I enjoy bringing something rare, or extra, in a way because to me that adds to the experience. Especially if I'm tasting with more discerning friends. However it certainly shouldn't be a prerequisite! I would rather taste a cheaper bottle that someone really enjoys and wants to share that experience than something only bought for the hype or price tag

7 years ago 3Who liked this?

sorren replied

Whenever I have got together with friends to drink whisky I felt a pressure ( need) to bring something a little more special, most expect this now.. I believe it is the only chance most will get to try some of the bottles I am able to bring.. although I'm sure no one would really mind if I toned it down slightly.. it is good though to sit down with good whisky friends and drink something special just as much as it is to drink good whisky with great friends ..

7 years ago 0

BlueNote replied

The way my friends and I do it seems to work well. We choose one high end bottle in the $150 to $200 range for which we all share the cost. In addition we each bring a couple of heels of whatever we have open at home. The host organizes a sit down meal and we all contribute to the cost of the food. Last time it was a prime rib roast with all the trimmings and we each brought a side dish or an appy or desert. There are usually six of us and last time the cost to each of us was $48. We each had four ounces of the feature bottle, a 22 yr. old Linkwood IB purchased in Edmonton for $160, and then we all sampled each others offerings which were all pretty good and included some Glendronach Cask Strength Batch #3 (excellent), some Ardbeg Corryvrekkan (always good), Balvenie Carribean Rum finish (too sweet), Deveron 20 yr. old (not great, but not bad), an obscure 17 yr. old that was done to honour the Canadian troops post Afghanistan (I can only recall that it was very good), an A.D. Rattray Bowmore 15 that I brought (bought it in Scotland 2 years ago at the Whisky Castle and still had a few drams left. Absolute killer Bowmore) and a couple of others that I can't recall. There were expensive Cuban cigars provided by the host, but only himself and one other guy participated. There was also a fancy bottle of Port that I passed on after dinner, but the guys all seemed to like it. I didn't think it was a good idea to mix it in with the whisky. Plenty of filtered water on hand at all times too.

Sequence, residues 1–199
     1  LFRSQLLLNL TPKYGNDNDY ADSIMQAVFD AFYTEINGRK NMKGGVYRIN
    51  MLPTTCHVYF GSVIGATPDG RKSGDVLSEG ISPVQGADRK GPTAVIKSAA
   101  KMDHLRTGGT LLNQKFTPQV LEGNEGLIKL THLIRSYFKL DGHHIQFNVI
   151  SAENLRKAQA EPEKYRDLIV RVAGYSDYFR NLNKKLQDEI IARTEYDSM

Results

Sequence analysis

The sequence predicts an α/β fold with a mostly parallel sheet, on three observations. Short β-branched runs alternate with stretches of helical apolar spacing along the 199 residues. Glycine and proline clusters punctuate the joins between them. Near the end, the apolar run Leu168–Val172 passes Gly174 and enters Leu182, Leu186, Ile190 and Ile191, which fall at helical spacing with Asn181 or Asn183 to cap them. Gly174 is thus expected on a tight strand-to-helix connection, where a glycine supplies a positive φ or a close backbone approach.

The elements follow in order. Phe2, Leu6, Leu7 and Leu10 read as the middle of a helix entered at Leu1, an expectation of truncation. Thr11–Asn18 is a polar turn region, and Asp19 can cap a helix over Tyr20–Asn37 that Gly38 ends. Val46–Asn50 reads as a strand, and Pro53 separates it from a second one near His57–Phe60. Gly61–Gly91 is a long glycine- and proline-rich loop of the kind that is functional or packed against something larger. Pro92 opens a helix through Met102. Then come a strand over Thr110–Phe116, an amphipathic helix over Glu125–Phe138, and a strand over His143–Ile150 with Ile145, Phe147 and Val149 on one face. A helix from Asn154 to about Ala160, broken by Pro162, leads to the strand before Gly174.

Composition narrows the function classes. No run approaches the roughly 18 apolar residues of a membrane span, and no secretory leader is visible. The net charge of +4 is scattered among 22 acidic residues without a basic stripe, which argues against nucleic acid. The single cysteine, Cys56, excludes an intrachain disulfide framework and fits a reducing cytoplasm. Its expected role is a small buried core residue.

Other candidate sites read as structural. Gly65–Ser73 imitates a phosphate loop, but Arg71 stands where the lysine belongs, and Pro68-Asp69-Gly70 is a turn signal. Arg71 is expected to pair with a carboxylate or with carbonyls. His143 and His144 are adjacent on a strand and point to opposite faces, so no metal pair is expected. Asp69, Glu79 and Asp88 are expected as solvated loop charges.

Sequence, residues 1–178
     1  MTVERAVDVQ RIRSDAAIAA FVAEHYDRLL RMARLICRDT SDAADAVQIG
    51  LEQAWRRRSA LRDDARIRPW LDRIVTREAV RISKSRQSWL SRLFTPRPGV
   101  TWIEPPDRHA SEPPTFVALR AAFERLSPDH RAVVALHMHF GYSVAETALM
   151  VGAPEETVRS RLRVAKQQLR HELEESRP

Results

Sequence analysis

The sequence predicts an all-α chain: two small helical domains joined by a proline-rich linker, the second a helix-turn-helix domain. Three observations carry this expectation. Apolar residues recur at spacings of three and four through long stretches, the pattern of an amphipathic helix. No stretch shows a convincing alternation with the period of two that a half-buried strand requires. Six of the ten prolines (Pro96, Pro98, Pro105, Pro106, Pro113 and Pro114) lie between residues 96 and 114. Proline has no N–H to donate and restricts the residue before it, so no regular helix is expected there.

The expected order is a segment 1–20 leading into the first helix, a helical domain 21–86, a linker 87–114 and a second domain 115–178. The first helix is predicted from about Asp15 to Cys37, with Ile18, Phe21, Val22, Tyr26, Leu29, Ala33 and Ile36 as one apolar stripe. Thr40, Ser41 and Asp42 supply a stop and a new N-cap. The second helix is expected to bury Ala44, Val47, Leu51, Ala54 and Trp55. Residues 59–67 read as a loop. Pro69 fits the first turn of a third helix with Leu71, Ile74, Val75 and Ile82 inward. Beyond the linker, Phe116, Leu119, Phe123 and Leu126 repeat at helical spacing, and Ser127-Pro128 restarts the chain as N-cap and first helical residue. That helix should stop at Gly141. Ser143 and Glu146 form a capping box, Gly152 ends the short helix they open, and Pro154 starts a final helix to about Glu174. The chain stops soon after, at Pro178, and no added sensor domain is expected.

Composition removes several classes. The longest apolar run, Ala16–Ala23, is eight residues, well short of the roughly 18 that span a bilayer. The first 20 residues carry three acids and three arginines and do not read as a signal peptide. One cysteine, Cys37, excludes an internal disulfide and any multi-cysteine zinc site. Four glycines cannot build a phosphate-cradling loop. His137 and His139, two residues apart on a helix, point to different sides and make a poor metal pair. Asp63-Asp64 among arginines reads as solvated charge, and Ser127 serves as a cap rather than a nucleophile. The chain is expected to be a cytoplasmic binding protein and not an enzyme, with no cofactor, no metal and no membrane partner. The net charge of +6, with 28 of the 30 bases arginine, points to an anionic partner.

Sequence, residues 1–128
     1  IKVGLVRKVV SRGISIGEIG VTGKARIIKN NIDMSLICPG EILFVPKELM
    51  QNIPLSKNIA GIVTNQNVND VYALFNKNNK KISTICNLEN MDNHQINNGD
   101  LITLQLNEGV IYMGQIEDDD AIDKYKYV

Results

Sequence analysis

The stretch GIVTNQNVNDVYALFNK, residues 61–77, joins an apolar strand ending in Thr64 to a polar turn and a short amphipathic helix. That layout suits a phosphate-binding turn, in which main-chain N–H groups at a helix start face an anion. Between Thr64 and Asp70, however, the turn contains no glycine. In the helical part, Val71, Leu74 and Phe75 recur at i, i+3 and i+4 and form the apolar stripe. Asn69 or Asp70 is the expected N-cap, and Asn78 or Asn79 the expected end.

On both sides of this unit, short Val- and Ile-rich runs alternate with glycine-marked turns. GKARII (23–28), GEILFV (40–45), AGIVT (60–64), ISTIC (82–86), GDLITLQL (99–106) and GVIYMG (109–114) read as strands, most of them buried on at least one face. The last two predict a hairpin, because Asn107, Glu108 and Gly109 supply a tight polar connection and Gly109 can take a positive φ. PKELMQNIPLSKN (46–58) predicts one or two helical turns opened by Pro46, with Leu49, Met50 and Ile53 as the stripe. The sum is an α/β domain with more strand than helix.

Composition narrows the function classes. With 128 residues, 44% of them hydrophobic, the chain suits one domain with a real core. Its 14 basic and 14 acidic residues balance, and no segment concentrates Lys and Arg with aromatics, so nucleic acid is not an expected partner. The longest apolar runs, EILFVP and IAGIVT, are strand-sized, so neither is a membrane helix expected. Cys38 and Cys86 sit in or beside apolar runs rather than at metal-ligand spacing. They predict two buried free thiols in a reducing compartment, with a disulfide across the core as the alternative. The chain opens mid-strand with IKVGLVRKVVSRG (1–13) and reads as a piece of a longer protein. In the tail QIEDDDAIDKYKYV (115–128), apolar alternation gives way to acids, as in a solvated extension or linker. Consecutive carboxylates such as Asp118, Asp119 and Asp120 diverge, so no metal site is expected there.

The wives dropped us off at the host's house and the son of one of the participants drove us home. We started at 5pm and were home by 10:30. We were all a bit fragile the following day, but all in all it was a great Saturday evening and plans are in place for the next one sometime early in the new year.

In answer to @Nozinan's final question: I think it is much more about the time spent with like-minded friends (the pourers), than it is about what is poured. Life is too short to drink mediocre whisky, but I would rather drink mediocre whisky with good friends than good whisky by myself.

7 years ago 5Who liked this?

Nozinan replied

@BlueNote Just reflecting on your post today after posting my "Epic Tasting" report.

Your words remain as true and important today as they were when you posted them so many years ago...

about one year ago 3Who liked this?